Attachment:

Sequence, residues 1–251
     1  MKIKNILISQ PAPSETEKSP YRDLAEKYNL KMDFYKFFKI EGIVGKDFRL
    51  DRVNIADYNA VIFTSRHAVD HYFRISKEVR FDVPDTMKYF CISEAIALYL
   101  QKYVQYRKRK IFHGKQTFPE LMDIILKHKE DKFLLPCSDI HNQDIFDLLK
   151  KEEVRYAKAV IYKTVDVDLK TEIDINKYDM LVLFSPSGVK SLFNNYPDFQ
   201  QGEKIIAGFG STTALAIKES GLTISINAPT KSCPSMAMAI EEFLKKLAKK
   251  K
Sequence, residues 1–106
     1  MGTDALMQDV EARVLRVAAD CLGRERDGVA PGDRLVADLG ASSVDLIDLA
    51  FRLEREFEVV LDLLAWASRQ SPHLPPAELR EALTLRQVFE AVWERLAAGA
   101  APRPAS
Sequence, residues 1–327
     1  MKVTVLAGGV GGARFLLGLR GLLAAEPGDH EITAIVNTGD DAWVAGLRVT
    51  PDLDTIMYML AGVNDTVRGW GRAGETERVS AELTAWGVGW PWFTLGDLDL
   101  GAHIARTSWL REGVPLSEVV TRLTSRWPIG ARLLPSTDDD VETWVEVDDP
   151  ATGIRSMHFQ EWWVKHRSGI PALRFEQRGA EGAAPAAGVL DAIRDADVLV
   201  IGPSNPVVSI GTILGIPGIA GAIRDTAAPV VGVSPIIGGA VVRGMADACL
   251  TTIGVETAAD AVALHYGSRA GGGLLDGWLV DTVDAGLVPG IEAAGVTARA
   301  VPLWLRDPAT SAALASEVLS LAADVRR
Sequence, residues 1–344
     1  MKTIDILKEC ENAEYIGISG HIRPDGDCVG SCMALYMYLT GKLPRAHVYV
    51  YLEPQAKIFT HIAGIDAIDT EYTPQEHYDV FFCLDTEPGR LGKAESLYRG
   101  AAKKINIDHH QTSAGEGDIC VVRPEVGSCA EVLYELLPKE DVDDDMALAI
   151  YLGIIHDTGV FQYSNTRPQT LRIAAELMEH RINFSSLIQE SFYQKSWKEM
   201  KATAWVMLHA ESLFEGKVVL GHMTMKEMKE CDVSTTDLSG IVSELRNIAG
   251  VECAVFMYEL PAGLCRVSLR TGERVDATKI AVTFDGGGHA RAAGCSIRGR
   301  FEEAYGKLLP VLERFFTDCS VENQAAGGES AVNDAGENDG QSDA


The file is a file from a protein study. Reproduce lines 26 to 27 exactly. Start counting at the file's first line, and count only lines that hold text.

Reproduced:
   251  VECAVFMYEL PAGLCRVSLR TGERVDATKI AVTFDGGGHA RAAGCSIRGR
   301  FEEAYGKLLP VLERFFTDCS VENQAAGGES AVNDAGENDG QSDA